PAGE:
Situated at the intersection of Europe, Asia, and Africa, the Mediterranean Sea has been for millenia the place where religions, economies, and political systems met, clashed, influenced, and absorbed one another. David Abulafia offers a fresh perspective by focusing on the sea itself: its practical importance for transport and sustenance; its dynamic role in the rise and fall of empires; and the remarkable cast of characters - sailors, merchants, migrants, pirates, pilgrims - who have crossed and recrossed it.
Ranging from prehistory to the 21st century, The Great Sea is above all the history of human interaction across a region that has brought together many of the great civilizations of antiquity as well as the rival empires of medieval and modern times.
Interweaving major political and naval developments with the ebb and flow of trade, Abulafia explores how commercial competition in the Mediterranean created both rivalries and partnerships, with merchants acting as intermediaries between cultures, trading goods that were as exotic on one side of the sea as they were commonplace on the other. He stresses the remarkable ability of Mediterranean cultures to uphold the civilizing ideal of convivencia, "living together", exemplified in medieval Spain, where Christian theologians studied Arabic texts with the help of Jewish and Muslim scholars, and traceable throughout the history of the region.
Brilliantly written and sweeping in its scope, The Great Sea is itself as varied and inclusive as the region it describes, covering everything from the Trojan War, the history of piracy, and the great naval battles between Carthage and Rome to the Jewish Diaspora into Hellenistic worlds, the rise of Islam, the Grand Tours of the 19th century, and mass tourism of the 20th. It is, in short, a magnum opus, the definitive account of perhaps the most vibrant theater of human interaction in history.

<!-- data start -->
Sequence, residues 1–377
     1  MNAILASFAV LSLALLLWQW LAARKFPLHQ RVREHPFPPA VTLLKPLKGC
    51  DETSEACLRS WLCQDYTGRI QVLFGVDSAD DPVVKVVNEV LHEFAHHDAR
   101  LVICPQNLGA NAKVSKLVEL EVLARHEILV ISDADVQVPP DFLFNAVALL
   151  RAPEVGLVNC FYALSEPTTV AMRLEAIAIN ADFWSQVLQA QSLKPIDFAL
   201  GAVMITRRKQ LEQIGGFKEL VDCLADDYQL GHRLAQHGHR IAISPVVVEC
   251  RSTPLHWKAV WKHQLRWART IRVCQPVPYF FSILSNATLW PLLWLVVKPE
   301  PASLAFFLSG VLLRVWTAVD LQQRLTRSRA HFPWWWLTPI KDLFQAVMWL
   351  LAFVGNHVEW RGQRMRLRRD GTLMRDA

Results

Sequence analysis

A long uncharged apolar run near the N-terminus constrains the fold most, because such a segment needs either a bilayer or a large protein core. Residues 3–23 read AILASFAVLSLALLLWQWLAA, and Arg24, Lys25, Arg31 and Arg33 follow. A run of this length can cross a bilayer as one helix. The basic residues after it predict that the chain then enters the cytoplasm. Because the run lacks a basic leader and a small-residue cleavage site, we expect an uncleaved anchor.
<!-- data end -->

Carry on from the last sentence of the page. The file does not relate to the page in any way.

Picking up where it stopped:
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Impressive and Accessible History
Encylcopedic writing style
This book would be a great reference for anything to do with the Mediterranean. But there is absolutely no narrative in a book that is guided by covering the wide diversity of everything that involved the Mediterranean but only the Mediterranean. So for example, how various actors from the Franks to the Russians ended up being major players in their time on the Mediterranean is not addressed, just the fact that suddenly they are on the Mediterranean stage. But once "off stage," they're no longer visible to the author so their story is discontinued. I did also catch one error stating that Richard the Lionhearted went to Sicily to settle a dispute over the dowry of his betrothed. But the dispute concerned his sister, Joan. (So speaks the English history aficionado, particularly fond of the Plantagenet kings and queens, having read many non-fiction and fiction books on the this subject. Who doesn't love "The Lion in Winter" and "Becket"?) Maybe this was just a minor error, but made me wonder what else could be wrong in such a long book that sorely needed an editor. I have read many many books on history, as history is my favorite subject. I would say that though I plowed through this one to learn what I could, it is one of the most poorly written books of history I have read in my now four decades of reading.I give it 3 stars for depth of material, but the lack of a narrative and encyclopedic approach prevents it from a higher rating.
Yes - good speaking voice.
no way this could be a movie!